Sanaa, April 17. Saudi Arabia, which has been intervening in Yemen at the head of a military coalition in support of the Yemeni government since 2015, will release 104 prisoners on Monday, as part of an operation outside the exchange of detainees for three days which ended on Sunday under the supervision of the International Committee of the Red Cross (ICRC).

Yemen’s Houthi rebels deputy foreign minister Hussein al-Ezzi said on Twitter that 104 prisoners of war will be released today, arriving on several planes in Sanaa, the Yemeni capital that has been controlled by insurgents since the start. of the conflict in 2014.

He also said the releases are taking place outside of the three-day prisoner swap process that concluded yesterday between the Saudi-led military coalition and the Houthis, which was described as “successful”. by the parties for the release of 869 people.

In this context, Al Ezzi indicated that these initiatives reaffirm “the need to continue efforts to bring Sanaa and Riyadh closer together”, at a time when talks are also taking place between the two parties which could mean the end of the conflict in the Arab region. . country.

For his part, Farid al-Humaid, spokesman for the ICRC, assured EFE from Sanaa airport that two flights with a total of 96 people chartered by the organization will land today in the capital, while another with 8 detainees will arrive in the city of Aden, seat of the internationally recognized government.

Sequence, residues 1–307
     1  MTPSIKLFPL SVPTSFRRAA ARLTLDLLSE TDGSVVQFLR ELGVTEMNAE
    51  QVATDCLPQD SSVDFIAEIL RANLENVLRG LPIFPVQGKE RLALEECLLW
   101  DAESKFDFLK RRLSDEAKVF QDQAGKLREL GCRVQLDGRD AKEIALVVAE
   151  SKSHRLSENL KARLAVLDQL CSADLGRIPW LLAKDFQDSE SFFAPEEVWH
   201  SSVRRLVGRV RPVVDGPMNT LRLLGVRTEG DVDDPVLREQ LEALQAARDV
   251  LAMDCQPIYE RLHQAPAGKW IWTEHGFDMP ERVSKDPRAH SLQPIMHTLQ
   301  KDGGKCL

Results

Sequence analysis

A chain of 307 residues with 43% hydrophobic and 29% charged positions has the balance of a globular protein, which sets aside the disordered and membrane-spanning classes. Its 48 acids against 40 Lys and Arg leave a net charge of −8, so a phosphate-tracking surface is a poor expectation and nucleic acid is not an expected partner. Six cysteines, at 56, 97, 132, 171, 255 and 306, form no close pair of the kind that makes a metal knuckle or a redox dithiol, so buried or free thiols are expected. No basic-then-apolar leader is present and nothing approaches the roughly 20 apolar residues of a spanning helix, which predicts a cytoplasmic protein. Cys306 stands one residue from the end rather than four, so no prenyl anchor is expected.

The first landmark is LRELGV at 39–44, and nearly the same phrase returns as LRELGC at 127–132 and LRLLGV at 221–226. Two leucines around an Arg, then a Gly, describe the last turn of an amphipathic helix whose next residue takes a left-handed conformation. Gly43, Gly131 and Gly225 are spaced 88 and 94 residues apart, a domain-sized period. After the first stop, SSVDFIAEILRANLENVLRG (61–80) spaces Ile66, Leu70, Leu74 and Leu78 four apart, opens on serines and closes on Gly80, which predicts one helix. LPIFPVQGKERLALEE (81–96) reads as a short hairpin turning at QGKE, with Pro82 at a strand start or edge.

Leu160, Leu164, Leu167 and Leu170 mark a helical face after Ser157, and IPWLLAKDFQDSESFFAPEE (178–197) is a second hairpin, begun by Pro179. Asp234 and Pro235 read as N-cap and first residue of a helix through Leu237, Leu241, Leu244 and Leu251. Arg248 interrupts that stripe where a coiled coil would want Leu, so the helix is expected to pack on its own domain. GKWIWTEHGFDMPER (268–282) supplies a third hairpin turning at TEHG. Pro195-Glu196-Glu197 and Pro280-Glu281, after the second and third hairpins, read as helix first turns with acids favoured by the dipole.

The source said that it was one of the largest unilateral liberation operations since the beginning of the conflict, with the one that took place in 2019 and that thanks to the coordination of the ICRC, some 290 Yemenis were able to be sent home.

“There are prisoners who are not on the negotiation lists, and they also have the right to be released. We will support any initiative to free the prisoners,” Al Humaid said.

The prisoner swap completed yesterday represents the second largest agreed swap since the conflict in Yemen began, following another operation in 2020 in which more than 1,000 people were released. ECE


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